Spring is Busting Out in Phoenix

Say “Spring” in Phoenix and half the U.S. imagines blooming cactus. That’s it. Areas of the desert that have enough rain sprout Mexican Poppies.

My joy is seeing plants that come into Spring with a metaphor. Here’s what I mean:

Isn’t this the happiest blossom you’ve ever seen? Just bursting with energy. And yes, this delicate bloom is native to the Sonoran Desert.

Palo Verdes grow fast, so they are often trimmed hard in the fall. Palo Verdes have tiny leaves, and in the heat, they drop off. The tree had adapted with green branches and a green trunk–photosynthesis is not left to fickle leaves.

This pair is raising its arms to the sun, shaking fists at the sky that will fry those branches by late May.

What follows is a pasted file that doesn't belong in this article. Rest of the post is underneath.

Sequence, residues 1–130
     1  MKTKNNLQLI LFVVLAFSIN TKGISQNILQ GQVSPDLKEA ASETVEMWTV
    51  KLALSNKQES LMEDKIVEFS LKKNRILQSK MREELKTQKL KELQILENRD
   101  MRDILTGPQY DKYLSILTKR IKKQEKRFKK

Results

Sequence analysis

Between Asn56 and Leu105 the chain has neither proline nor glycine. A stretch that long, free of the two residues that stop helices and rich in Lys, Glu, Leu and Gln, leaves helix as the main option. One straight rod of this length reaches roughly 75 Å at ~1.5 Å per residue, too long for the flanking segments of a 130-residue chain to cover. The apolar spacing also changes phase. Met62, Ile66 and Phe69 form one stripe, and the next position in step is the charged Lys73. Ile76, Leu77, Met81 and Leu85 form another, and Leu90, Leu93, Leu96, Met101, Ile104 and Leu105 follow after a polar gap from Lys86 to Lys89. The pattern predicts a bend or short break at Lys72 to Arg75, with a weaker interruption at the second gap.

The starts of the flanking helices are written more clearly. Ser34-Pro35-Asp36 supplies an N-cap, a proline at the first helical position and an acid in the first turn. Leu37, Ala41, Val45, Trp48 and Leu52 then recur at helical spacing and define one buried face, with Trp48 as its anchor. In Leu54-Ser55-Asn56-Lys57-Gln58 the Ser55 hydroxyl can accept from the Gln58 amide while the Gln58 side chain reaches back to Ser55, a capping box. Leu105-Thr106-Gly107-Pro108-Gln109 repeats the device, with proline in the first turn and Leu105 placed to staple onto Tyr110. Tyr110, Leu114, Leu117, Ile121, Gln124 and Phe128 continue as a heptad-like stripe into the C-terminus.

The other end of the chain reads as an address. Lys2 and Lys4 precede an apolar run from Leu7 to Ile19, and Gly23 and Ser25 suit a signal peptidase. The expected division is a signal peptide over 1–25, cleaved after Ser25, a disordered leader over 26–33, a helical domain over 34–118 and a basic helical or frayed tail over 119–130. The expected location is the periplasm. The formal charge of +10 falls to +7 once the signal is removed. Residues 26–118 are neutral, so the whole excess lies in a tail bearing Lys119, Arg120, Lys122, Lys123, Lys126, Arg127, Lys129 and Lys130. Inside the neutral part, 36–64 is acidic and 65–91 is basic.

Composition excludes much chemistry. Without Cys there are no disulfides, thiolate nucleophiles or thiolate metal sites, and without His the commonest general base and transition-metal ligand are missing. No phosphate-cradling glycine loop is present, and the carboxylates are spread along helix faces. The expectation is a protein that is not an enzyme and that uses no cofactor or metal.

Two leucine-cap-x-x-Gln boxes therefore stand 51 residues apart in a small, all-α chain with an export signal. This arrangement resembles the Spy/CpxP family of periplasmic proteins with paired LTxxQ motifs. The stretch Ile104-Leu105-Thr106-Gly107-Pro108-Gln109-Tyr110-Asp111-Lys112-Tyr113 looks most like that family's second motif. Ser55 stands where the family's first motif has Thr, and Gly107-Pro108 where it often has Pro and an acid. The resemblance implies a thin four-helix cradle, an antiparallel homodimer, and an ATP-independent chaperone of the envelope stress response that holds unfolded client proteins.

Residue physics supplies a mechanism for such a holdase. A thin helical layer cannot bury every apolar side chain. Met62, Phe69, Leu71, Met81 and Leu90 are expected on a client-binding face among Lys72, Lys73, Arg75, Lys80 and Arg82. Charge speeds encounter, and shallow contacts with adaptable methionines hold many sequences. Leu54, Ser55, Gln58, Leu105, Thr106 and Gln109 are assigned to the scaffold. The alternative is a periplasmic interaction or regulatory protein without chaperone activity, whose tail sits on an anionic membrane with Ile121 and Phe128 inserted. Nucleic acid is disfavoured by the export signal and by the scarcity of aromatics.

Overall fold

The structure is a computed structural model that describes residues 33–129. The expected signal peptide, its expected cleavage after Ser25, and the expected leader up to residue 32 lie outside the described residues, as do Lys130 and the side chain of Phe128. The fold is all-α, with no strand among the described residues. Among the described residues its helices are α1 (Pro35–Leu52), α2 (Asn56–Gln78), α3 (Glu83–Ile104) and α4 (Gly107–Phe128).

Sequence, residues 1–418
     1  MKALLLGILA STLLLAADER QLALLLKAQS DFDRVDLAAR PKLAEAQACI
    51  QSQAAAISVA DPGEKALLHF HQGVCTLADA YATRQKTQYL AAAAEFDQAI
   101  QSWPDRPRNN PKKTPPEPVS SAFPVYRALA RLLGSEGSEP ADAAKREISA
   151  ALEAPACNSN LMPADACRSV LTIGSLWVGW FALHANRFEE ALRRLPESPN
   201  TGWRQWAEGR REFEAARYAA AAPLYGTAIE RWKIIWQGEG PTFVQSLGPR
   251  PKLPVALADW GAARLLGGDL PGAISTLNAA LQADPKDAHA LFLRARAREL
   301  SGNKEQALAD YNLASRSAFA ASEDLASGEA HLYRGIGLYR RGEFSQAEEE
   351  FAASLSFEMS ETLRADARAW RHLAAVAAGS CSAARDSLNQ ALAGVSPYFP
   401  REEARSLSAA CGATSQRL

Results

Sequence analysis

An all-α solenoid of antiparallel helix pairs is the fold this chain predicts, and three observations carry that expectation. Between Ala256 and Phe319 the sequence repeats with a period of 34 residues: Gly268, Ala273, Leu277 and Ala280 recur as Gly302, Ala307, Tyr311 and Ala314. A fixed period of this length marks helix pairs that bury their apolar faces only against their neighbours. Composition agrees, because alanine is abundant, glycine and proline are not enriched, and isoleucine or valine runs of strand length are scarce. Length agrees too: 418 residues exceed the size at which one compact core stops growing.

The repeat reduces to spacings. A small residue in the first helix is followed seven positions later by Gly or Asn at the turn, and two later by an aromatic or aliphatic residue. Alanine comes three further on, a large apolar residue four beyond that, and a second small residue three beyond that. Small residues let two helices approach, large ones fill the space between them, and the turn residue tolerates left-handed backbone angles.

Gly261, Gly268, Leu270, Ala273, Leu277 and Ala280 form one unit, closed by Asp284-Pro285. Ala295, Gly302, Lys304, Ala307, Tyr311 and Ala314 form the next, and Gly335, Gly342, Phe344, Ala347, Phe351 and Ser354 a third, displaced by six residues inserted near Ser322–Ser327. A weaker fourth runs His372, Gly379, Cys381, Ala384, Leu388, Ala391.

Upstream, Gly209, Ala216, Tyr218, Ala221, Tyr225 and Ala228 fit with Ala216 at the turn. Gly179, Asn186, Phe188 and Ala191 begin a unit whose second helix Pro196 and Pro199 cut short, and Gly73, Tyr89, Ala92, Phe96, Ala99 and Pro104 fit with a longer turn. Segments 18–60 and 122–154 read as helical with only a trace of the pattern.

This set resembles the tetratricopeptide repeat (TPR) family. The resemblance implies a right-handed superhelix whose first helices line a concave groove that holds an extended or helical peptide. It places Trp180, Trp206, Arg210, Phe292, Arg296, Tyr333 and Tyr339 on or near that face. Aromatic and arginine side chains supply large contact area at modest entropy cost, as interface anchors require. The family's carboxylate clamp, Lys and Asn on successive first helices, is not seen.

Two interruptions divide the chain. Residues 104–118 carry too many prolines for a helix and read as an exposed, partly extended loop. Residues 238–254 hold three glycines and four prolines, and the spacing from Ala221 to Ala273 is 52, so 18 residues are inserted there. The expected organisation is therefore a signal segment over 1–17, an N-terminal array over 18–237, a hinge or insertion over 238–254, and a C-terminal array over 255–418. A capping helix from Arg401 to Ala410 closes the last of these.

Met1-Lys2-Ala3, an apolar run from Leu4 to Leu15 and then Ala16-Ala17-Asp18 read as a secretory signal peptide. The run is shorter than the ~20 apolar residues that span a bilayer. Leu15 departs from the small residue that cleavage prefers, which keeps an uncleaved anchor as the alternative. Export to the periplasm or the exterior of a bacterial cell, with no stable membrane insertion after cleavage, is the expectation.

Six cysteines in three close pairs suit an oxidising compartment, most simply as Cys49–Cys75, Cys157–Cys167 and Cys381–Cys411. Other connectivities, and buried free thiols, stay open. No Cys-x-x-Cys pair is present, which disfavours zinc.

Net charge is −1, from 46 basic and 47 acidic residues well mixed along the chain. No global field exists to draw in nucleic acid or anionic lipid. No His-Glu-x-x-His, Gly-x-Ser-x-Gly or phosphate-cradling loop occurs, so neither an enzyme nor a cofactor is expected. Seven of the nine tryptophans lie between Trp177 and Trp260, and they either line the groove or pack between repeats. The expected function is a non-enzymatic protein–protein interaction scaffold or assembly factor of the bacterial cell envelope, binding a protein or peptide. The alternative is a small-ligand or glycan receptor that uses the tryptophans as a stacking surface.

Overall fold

Aloes are not indoor windowsill plants here. I have them as border plants. In late January, they send up straight spikes and in February the spikes bloom.

This spike got bent, but the blossom knows which way is up. I love this determination to find the sun.

The fig tree is deciduous—it looses its big, fuzzy leaves in November, and in March, the new leaves unfurl, one by one. The fig tree is about three weeks early this year.

I love watching the leaves peek out and then pop, as big as your hand, in a few weeks. I’m grateful for the shade in the summer, and more grateful for the figs that we eat in June.

–Quinn McDonald is a naturalist who never knew how much greenery thrives in the Sonoran Desert.